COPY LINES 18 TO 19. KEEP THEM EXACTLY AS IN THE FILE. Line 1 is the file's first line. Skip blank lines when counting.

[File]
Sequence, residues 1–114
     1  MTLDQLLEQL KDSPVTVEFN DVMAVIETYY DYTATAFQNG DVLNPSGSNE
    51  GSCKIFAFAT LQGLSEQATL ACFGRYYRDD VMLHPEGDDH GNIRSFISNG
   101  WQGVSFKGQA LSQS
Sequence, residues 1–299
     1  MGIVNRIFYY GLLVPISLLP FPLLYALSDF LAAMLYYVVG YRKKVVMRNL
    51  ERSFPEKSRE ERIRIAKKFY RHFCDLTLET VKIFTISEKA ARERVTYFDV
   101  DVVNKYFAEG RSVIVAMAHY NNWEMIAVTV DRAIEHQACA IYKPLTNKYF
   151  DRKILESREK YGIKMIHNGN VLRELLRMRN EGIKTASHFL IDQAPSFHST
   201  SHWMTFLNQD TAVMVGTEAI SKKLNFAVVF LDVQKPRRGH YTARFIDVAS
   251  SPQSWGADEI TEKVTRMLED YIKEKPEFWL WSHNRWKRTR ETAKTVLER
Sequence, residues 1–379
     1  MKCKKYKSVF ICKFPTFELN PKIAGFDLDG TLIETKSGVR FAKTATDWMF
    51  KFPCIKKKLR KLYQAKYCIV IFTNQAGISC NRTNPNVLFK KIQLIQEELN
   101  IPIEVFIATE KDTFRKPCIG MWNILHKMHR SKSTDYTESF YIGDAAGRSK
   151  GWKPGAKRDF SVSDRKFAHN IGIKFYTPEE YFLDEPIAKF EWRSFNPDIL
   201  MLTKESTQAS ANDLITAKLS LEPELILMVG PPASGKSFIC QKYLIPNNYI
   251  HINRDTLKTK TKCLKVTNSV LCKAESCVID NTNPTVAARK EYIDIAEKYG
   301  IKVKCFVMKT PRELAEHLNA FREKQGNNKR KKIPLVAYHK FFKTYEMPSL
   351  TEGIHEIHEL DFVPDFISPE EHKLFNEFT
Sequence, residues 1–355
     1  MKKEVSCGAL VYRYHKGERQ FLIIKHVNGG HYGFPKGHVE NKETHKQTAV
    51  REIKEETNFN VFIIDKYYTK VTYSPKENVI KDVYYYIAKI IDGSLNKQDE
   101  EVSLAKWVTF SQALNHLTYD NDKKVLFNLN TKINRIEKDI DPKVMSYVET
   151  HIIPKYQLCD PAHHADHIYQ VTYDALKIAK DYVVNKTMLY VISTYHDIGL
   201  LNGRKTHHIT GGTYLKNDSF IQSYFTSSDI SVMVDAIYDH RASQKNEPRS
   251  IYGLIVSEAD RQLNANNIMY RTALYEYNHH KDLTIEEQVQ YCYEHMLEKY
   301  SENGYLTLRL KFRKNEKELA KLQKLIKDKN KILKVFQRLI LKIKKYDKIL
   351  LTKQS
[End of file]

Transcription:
   251  HINRDTLKTK TKCLKVTNSV LCKAESCVID NTNPTVAARK EYIDIAEKYG
   301  IKVKCFVMKT PRELAEHLNA FREKQGNNKR KKIPLVAYHK FFKTYEMPSL